We’re in a blizzard, the sheer white of it haloing our Nissan Maxima as we careen across the northeast interstate, miles and miles away from the tropical green swelter of our backyard, the cicada buzz of Florida. Starting somewhere in New Jersey, the weather blots out the roads, swallows exit signs, engulfs my parents, younger brother and me in its silent magic. Our burgundy sedan skidding slightly as our mouths open in unison to the light falling soundlessly outside. For the first time in our lives, we feel like the lucky ones. Sole witnesses to a quiet miracle, a record-breaking

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C by Lisa Lerma Weber

It was another sweltering summer night in our godforsaken little town, the odor of cow dung and hay heavy in the air. My maroon Ford Escort was sitting in a dimly lit corner of the McDonald’s parking lot, a bunch of misfits standing around it, trying to figure out what trouble to get into. You and I were lying in the trunk next to a pile of scratched and scuffed skateboards. I turned towards you and smiled. You smiled back. You were always smiling, something I liked about you. We leaned into each other, our lips meeting for a brief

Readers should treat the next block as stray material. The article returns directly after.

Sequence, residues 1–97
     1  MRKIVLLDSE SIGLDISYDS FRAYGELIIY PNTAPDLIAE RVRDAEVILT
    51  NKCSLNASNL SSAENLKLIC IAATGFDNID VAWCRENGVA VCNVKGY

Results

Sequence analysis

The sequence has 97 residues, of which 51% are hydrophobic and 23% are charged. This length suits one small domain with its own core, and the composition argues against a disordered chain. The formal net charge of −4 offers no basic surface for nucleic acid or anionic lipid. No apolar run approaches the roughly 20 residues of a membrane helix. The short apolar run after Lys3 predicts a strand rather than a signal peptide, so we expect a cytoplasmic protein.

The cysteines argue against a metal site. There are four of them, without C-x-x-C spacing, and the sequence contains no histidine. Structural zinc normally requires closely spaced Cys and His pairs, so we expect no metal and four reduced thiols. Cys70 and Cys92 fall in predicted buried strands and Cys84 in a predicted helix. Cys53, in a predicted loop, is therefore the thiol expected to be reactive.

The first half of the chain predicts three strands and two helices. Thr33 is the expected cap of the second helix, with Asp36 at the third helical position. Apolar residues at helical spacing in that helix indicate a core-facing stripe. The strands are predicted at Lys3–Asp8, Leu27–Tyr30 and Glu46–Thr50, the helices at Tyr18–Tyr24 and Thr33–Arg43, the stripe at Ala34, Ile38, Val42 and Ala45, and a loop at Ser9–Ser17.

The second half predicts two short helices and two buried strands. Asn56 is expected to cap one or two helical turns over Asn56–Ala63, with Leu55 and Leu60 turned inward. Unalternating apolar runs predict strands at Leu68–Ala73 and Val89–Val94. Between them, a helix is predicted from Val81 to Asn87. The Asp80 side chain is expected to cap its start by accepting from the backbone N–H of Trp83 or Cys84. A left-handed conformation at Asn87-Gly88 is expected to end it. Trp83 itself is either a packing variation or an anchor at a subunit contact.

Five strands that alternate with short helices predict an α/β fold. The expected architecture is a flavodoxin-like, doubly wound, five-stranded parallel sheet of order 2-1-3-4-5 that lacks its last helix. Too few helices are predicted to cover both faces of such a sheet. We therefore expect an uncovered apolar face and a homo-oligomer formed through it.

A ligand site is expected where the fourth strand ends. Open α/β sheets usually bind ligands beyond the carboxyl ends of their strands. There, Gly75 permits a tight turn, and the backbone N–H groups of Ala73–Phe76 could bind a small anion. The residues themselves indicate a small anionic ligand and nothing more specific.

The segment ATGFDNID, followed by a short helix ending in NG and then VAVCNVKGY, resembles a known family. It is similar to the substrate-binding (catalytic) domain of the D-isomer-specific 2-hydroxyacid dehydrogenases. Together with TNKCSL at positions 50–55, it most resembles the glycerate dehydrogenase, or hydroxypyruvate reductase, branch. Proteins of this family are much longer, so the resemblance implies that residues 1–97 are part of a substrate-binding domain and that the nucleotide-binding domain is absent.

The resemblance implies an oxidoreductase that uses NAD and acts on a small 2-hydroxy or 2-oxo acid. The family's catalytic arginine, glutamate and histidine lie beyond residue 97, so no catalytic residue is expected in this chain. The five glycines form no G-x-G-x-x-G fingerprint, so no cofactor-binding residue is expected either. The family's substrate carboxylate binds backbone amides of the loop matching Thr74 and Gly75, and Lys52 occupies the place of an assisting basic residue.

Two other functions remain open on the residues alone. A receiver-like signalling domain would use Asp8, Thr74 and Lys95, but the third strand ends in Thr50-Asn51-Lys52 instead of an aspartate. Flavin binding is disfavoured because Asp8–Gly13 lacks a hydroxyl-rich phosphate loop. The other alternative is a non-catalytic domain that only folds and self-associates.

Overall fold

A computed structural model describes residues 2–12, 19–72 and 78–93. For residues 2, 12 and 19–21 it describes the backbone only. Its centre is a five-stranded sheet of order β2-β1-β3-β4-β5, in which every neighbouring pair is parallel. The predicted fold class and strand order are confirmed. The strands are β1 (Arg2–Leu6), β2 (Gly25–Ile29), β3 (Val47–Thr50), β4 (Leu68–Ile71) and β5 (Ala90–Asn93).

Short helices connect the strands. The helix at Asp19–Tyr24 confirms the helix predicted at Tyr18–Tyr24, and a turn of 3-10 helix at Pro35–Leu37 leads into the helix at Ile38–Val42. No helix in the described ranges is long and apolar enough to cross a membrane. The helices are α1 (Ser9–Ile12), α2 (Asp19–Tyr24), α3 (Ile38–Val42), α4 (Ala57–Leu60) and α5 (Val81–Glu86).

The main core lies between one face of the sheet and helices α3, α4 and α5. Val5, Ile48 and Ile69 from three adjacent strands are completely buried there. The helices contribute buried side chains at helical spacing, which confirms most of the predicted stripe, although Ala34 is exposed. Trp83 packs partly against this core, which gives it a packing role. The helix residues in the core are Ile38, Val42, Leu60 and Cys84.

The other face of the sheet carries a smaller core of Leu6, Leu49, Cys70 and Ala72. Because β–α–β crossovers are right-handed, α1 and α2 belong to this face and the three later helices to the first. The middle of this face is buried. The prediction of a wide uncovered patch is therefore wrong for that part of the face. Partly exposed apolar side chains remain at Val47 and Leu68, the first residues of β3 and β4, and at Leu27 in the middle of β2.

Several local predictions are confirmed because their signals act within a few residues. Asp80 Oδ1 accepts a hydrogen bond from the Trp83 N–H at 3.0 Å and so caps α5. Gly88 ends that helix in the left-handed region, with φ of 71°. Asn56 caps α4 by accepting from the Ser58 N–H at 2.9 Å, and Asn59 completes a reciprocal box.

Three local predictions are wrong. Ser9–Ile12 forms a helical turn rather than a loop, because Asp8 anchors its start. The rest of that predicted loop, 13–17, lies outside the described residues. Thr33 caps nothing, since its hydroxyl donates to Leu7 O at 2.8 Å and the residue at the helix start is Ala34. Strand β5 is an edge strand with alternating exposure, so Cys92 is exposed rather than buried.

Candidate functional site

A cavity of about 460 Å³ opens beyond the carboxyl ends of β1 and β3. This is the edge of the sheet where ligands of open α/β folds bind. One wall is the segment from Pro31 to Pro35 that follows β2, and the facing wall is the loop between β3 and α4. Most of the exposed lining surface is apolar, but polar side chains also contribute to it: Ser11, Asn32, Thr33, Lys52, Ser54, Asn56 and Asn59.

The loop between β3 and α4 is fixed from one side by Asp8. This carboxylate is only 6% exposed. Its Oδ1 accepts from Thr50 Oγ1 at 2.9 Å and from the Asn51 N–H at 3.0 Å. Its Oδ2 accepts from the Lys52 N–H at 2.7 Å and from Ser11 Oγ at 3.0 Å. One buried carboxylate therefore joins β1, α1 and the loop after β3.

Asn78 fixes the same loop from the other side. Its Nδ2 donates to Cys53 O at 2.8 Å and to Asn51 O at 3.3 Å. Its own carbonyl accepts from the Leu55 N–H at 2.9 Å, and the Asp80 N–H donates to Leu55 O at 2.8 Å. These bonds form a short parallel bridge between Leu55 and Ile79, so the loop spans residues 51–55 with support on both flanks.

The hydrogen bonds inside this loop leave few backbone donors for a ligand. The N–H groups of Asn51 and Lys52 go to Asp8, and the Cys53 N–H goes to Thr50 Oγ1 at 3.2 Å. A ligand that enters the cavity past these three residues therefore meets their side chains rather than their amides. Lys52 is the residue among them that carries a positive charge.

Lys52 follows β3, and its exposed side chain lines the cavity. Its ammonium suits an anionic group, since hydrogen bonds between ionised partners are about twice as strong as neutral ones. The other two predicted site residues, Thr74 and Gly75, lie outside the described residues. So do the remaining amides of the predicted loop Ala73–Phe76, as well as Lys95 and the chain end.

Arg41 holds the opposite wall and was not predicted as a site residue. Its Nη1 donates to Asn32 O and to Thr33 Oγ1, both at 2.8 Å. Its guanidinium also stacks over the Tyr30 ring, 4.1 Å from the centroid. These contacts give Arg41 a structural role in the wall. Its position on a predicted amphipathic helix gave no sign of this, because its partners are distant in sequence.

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I DEFINITELY NEVER LOVED YOU by Cory Bennet

It’s that time of year when California burns. It will peak in the Fall when the shadows begin to grow longer. There was a lightning storm across the Bay Area last night and fires today and ash falling from the gray sky. My knee is torn up from skating but I’m restless tonight so I cruise the neighborhood inhaling the poison air.  Once the fire had torn through my parents’ neighborhood, we tried to return but the cops had all the roads closed. My stepdad knew a way through an orchard. We came upon the house and it still stood.

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GRIEF IS AN EMPTY SHELL by Robert Julius

When I left for California in the summer of 2013, I knew what I was leaving behind. I was abandoning a home that had grown toxic over the years, from my mother’s addiction and the ensuing fights between her and my father. I was leaving behind the rural countryside of western Pennsylvania. I was leaving behind two best friends, two brothers, two parents, and a sister who had been in and out of prison for the last five years. I was also leaving behind an old me, and all my old pastimes, including my terrarium of land hermit crabs that

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LACERATION by Victoria Buitron

When an iguana’s tail falls off after a scare, I’ve wondered if it feels the pain of a halted human heart or the shame a woman feels after being sexually assaulted in public. On many mornings, I’ve rested on a hammock below robust mango trees hoping an iguana didn’t fall on me. If a branch buckled under its weight, the crack of thin bark would reach me before I could see a green smear plop onto the ground. I’d cover my head with my arms or a book in startled anticipation. Once, my dog woke from a nap beside me